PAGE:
Yep. I actually really dislike their company from an ethical standpoint. I have found that they do things that do not agree with my own beliefs. I had the previous account manager give me advice for finding techs... He told me to pose as a customer and go poach techs from other shops.

 

Any discount or offer will bring in the riff raft. Have we gotten some good clients? Yes. Have had to deal with a large majority of time wasting calls and time wasting customers? Absolutely. I have a new mailer with a different company that leverages our quality and reputation with no broad offer. Its not been a month yet but I don't think I've seen much of a response from it yet. I will probably go and send 1-2 more campaigns and see how it goes. If it does nothing I may pause the direct mail campaigns all together.

 

I also tend to see an older crowd with the mailers as well.

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Do you feel if you changed the offer on the mailer, it would attract better customers? Or do you feel mailers in general, regardless of the offer, tend to bring in lower value customers?

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Do you feel if you changed the offer on the mailer, it would attract better customers? Or do you feel mailers in general, regardless of the offer, tend to bring in lower value customers?

 

 

I feel that in my market there is very little response from direct mailers other than from the price shoppers or the older generation which are just not used to paying what we charge for our services. My marketing is a weird one.

 

I learned a long time ago that you cannot be everything to everyone. When you market to the masses and target price, you get exactly what the advertising is supposed to do: Bring in people looking for that offer. If this is contrary to your business model, then it's a waste of time.

 

It would impossible to all the explain all the different marketing strategies in this post, so let me say that in order to get the customers you want, you need to clearly define what your profile customer looks like and create your marketing and advertising to target these people.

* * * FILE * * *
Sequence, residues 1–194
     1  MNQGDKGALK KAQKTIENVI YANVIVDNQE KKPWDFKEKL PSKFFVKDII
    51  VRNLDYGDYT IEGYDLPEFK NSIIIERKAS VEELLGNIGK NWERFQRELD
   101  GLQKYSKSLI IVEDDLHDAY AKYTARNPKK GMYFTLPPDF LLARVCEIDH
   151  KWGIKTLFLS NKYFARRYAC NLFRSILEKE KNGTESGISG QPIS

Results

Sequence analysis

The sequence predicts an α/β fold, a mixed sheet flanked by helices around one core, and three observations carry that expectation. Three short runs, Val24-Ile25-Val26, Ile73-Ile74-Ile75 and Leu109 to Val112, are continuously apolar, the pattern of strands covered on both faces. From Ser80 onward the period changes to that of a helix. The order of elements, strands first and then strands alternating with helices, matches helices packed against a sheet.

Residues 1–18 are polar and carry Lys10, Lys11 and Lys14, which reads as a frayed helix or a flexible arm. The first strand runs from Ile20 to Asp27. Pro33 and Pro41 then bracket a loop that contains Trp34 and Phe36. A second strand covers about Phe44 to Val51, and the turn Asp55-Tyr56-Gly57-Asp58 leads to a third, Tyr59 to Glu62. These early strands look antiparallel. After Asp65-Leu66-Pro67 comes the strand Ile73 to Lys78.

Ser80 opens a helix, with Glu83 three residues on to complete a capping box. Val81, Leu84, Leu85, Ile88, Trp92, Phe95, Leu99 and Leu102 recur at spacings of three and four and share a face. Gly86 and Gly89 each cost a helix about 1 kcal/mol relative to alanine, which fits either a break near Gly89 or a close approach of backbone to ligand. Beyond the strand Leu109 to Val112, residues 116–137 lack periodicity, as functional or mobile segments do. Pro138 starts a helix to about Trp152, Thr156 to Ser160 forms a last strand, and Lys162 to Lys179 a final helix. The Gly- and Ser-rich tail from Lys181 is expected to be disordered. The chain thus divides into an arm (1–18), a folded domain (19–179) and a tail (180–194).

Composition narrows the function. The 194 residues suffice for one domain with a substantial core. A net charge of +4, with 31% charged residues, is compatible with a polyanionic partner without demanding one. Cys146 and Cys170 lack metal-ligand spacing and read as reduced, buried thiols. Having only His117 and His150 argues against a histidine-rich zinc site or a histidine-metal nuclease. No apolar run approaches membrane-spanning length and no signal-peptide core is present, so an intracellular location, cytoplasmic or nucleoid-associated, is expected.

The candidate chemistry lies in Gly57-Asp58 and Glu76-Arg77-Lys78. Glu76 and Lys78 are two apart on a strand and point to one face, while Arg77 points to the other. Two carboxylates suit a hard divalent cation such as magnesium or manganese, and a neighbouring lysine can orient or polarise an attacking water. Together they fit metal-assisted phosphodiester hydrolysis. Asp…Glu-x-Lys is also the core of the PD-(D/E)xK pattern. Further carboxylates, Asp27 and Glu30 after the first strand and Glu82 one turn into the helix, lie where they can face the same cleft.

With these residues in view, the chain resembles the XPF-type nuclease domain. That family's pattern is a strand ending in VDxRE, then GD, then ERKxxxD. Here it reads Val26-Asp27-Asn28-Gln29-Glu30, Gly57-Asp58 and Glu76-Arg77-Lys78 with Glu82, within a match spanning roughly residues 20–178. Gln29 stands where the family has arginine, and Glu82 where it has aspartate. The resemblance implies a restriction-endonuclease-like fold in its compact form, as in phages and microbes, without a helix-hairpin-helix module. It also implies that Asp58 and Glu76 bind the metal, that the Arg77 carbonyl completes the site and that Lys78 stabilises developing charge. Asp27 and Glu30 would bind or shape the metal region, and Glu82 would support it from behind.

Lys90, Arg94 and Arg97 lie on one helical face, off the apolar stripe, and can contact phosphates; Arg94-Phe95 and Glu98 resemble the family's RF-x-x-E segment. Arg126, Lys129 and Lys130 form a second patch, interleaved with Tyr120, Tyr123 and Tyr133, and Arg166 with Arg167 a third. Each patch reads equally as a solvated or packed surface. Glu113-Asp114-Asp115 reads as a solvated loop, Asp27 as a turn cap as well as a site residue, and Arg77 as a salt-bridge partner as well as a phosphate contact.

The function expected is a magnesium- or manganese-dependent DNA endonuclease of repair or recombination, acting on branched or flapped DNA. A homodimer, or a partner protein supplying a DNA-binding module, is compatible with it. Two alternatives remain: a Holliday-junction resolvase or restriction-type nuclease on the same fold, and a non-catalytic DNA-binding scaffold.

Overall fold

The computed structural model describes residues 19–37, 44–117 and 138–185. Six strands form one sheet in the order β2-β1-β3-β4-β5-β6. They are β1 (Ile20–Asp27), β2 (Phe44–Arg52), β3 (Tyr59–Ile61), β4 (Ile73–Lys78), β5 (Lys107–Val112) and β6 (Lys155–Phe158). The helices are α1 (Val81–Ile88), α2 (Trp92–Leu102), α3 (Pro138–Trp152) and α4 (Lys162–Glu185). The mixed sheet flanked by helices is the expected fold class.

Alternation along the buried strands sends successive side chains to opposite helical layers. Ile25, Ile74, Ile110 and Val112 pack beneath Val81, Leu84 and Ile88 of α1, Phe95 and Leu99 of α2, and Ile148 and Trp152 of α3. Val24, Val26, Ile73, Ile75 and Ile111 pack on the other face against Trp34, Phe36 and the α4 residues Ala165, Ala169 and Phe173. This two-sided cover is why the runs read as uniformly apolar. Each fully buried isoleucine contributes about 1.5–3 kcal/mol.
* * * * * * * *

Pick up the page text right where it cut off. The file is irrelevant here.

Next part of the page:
Define your brand by your culture and a world class customer experience. If you define your business by price, at any range, you will get exactly that...price shoppers.

 

 

Agreed. Odd thing is that nothing about our mailer was particularly screaming "WE ARE CHEAP" other than our intro offer. With my experience now, oil change offers will ALWAYS bring in the wrong customer. It might be the years of programming from the industry to offer these discounts have created a trigger in the cheap minds of these folks. Either way I will never offer an oil change special again.

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"...in order to get the customers you want, you need to clearly define what your profile customer looks like and create your marketing and advertising to target these people."

 

(said to myself in my own mind) "The first step to getting help is admitting you don't have all the answers."

 

Without repeating all the same, tired old generic lines, how do you define your customer profile? After 10 years in business I can't tell you that I know that. I mean I know my customer is the person who has two things, a car and a wallet and only one of them is broke. I build a good report with my customers but I don't get in-depth personal with them to know their income levels, their familial status or such. You would think the best customer would be the young professional with a family so they would need to repair their few years old car instead of buying new, but my best customer this month so far was an older guy, doesn't seem all there and works a minimum wage job. He approved >$2000 worth of work. I typically see him 2x a year and for nearly $1000 each time. Meanwhile the couple, she's a nurse and he's a real estate professional (high end real estate) they drive junk and refuse to put much money into them, they're always" broke.

 

So with eager interest in getting your input, how do you determine who your customer is, who your best customer is? Thank you.

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As an intelligent customer who can afford a luxury car, I would be figuring the shop that runs a discount coupon “needs” additional business. And they won’t make it on the discount oil change, so they need to find more to fix. And will have to charge more to make up for the initial discount. So I disagree with the discount coupon, going against the grain of EVERY salesperson trying to sell me marketing strategies. Just sayin’.

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My next mailer won't have any coupons or discounts. This week will be the last week I have coupons on my website, too. I run too nice of an operation and my customer satisfaction is too high to be giving away money or attracting bottom feeders or giving money away. Here lately, a majority of my new customers say they hear so many great things about the way we do business. None have said they heard how cheap our prices were or anything about specials :/